GENERICO.ruScienceThe rate of warming in Antarctica turned out to be faster: scientists are talking about a disaster

The rate of warming in Antarctica turned out to be faster: scientists are talking about a disaster

Antarctica is warming much faster than models predicted. A new study has found “direct evidence” of increased melting of Antarctic ice on the continent, while scientists warn of the consequences of ice loss.

The rate of warming in Antarctica turned out to be faster: scientists are talking about a disaster

Antarctica is likely warming nearly twice as fast as the rest of the world and faster than climate change models predict, according to a scientific study, with potentially far-reaching consequences for global sea level rise.

As writes The Guardian, Scientists analyzed 78 Antarctic ice cores to reconstruct temperatures 1,000 years ago and found warming across the continent is beyond what could be expected from natural fluctuations.

In West Antarctica, a region considered particularly vulnerable to warming due to an ice sheet that, if destroyed, could raise global sea levels by several meters, the study found that warming is occurring twice as fast as climate models suggest.

Climatologists have long expected the polar regions to warm faster than the rest of the planet – a phenomenon known as polar amplification – and this has been seen in the Arctic.

Dr Mathieu Casado, from the Laboratory of Climate and Environmental Sciences in France and lead author of the study, said the researchers had found “direct evidence” that Antarctica is also currently experiencing increased melting of Antarctic ice.

“Extremely worrying” observe such significant warming in Antarctica, beyond the range of natural variability,” said Dr. Casado.

Antarctica is the size of the continental United States and Mexico combined, but has only 23 permanent weather stations, and only three of them are far from the coast, writes The Guardian.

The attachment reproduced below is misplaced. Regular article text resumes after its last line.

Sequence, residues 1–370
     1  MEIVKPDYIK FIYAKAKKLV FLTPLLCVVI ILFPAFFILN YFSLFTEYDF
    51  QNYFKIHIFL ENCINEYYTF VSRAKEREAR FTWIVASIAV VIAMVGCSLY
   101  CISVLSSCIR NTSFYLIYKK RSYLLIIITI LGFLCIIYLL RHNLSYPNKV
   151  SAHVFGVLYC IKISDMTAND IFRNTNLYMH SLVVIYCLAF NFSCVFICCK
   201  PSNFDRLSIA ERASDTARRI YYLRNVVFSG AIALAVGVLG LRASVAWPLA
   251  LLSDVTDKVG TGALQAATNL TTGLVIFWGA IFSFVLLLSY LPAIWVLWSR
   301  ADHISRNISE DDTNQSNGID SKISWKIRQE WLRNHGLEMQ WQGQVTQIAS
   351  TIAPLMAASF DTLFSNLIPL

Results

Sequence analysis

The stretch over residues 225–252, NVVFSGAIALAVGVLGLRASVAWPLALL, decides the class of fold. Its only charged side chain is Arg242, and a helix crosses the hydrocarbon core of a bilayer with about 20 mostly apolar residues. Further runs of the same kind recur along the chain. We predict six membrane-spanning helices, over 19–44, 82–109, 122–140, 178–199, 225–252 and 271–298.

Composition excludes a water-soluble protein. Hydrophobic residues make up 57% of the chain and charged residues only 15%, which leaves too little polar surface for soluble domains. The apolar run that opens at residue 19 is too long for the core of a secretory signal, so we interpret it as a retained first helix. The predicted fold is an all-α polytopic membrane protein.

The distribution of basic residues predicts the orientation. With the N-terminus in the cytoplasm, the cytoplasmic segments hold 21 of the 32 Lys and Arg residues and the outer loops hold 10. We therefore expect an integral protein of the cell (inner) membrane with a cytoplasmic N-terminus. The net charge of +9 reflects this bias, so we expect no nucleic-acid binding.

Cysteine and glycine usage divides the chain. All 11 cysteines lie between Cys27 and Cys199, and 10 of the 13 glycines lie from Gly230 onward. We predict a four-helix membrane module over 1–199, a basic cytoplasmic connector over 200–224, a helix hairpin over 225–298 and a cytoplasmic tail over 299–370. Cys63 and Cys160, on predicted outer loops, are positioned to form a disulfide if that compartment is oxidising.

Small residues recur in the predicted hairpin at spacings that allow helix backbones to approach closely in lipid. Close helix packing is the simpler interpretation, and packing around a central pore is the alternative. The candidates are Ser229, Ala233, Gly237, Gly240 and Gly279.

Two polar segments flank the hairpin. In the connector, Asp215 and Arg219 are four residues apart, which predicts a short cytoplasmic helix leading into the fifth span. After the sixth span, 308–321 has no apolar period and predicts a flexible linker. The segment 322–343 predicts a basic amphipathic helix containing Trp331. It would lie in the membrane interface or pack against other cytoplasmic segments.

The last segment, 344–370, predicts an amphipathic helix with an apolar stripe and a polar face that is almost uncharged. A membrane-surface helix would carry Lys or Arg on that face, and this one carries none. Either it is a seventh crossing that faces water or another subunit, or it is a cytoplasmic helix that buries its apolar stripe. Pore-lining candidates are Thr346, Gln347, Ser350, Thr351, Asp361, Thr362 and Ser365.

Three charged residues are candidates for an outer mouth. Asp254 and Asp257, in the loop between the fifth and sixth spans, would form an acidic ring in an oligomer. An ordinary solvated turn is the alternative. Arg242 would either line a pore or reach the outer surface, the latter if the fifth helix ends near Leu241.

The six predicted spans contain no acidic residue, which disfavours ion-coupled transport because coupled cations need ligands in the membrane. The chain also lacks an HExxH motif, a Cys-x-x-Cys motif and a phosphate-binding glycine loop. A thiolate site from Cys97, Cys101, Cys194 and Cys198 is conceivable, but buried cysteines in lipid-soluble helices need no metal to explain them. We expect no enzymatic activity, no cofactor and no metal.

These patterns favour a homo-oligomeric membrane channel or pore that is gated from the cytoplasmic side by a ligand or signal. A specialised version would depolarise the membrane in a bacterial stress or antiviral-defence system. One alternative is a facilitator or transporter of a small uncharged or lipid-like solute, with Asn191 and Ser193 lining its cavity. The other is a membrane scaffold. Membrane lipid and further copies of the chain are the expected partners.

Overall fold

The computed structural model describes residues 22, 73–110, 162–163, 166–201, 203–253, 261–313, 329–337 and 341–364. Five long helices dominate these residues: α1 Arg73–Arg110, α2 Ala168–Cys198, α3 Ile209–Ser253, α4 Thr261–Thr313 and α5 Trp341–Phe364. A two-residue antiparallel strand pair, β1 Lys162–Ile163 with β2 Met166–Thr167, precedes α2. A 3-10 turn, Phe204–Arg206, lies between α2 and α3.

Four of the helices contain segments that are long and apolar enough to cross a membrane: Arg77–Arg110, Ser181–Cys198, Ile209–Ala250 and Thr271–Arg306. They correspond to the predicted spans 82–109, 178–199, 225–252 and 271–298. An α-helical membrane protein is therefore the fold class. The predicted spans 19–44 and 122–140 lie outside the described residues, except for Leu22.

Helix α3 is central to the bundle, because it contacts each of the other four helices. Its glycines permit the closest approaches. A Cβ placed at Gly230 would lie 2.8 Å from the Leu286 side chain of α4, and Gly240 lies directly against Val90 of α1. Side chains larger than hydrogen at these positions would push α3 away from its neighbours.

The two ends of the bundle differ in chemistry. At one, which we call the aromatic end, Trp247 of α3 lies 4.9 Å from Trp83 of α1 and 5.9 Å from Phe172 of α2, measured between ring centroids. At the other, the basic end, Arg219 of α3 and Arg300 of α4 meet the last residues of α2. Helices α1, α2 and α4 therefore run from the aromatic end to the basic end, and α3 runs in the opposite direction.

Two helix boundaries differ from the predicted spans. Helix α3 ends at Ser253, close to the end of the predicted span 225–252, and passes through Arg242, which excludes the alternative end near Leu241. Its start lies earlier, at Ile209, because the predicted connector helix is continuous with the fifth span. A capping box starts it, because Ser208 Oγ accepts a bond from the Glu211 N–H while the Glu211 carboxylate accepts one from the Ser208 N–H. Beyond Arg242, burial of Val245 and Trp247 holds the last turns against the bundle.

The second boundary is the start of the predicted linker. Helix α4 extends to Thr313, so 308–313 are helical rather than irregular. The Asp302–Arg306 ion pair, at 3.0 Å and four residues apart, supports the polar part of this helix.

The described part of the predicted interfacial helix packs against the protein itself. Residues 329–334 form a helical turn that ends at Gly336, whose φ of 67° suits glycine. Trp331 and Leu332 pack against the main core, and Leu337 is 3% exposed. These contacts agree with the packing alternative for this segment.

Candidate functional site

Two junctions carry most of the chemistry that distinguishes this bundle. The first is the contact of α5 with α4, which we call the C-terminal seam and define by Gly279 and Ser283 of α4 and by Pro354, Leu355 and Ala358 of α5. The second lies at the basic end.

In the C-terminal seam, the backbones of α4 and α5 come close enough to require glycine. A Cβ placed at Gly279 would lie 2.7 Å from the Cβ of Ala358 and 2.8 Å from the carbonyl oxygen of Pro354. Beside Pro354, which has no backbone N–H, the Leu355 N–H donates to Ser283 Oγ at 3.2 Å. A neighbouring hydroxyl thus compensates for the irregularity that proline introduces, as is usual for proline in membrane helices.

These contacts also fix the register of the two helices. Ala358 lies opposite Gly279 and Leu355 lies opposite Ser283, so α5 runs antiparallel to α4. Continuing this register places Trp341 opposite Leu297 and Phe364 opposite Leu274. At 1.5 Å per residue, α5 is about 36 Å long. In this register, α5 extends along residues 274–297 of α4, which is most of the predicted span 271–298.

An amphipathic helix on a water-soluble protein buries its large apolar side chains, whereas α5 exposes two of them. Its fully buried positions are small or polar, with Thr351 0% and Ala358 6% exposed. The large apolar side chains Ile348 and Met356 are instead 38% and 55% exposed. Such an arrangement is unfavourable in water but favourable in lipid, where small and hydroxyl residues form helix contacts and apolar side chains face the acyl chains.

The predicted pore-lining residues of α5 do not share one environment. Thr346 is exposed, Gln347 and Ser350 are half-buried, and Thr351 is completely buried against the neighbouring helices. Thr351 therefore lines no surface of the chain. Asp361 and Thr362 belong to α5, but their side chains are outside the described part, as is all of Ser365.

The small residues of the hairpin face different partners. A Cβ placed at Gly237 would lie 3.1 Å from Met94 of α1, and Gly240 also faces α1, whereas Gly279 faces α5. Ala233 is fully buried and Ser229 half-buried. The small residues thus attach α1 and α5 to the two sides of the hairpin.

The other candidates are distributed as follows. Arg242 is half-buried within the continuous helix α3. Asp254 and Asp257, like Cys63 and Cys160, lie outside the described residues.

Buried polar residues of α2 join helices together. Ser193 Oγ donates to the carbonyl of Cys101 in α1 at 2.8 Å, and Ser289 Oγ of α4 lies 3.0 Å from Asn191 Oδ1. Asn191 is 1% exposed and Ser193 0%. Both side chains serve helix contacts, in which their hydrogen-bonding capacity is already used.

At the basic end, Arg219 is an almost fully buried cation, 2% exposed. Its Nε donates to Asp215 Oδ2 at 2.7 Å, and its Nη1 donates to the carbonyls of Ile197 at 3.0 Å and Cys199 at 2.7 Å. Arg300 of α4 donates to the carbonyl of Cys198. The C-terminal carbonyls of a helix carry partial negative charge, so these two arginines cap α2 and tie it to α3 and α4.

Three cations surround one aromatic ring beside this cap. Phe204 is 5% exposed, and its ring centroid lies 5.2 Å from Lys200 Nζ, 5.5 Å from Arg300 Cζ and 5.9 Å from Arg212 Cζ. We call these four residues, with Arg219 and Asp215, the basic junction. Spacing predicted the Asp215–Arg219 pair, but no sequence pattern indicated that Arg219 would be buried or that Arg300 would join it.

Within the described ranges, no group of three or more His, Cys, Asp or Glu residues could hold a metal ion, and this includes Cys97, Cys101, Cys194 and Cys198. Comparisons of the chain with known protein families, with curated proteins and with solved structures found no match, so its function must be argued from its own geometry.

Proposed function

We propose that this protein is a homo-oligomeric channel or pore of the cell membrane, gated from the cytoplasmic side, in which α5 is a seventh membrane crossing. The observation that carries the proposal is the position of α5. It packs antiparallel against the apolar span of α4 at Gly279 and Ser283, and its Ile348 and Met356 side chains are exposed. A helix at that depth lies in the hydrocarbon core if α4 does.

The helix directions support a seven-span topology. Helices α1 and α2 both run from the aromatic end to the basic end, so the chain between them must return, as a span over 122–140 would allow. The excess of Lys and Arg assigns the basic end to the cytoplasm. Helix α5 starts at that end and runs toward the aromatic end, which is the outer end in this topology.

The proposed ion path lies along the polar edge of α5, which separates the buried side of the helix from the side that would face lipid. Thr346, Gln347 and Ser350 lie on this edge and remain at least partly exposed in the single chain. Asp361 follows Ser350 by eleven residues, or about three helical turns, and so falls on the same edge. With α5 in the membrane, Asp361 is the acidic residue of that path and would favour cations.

Mathieu Casado and his colleagues examined 78 Antarctic ice cores, which contain temperature data, and then compared those temperatures to climate models and observations.

A study published in the journal Nature Climate Change found that Antarctica is warming at a rate of between 0.22 °C and 0.32 °C. °C per decade, compared to 0.18°C per decade predicted by climate models.

Some of the warming in Antarctica is likely being masked by changes in wind patterns, which are also believed to be linked to global warming and the loss of the ozone layer over the continent, which has led to lower temperatures.

Dr Sarah Jackson, ice core expert from the Australian National University, who was not involved in the study, admits the results were “deeply troubling.”

“All of our projections for future sea level rise are based on these low rates of warming. Our models may be underestimating the amount of ice loss we could experience,” she said.

Dr Danielle Udy, a climatologist and ice core expert at the University of Tasmania who was not involved in the work, believes that The study was timely “given the extreme events we are seeing in Antarctica.”

Scientists are struggling to understand why sea ice levels in Antarctica have been at record lows over the past two years, and some suggest global warming may now be affecting the region.

Thousands of emperor penguin chicks may have died in late 2022 after the normally stable sea ice supporting colonies in West Antarctica melted.

Dr. Kyle Klem, a scientist at Victoria University of Wellington in New Zealand, studied recent record high temperatures at one weather station in South Pole.

Clem says Antarctica's climate is subject to large natural variations, but Dr. Casado's team's study showed “a marked change in the Antarctic climate and the emergence of man-made polarity intensification.”

The scientist believes the results will be critical to understanding the future of the continent. “as greenhouse gas emissions continue to increase.”

“The results of this study have particular implications for considering future changes in Antarctic sea ice, terrestrial and marine ecosystems, and perhaps even sea level rise,” Klem said. “If Antarctica is already experiencing anthropogenic polarity enhancement beyond what is simulated by climate models, then future warming is likely to be greater than currently predicted by climate models.”

Warming in Antarctica, he said. , will also likely lead to further loss of sea ice, which will have implications for “ocean warming, global ocean circulation, and marine ecosystems.”

“In terms of sea level rise, ocean warming is already causing melting protective ice shelves in West Antarctica and is causing the West Antarctic ice sheet to retreat.”

More warming could also lead to more melting of the coastal ice shelves that protect the glaciers.

“This has already been observed in Antarctica peninsula in recent decades, and this may become more common around Antarctica sooner than expected as Antarctica warms more strongly,” he said.


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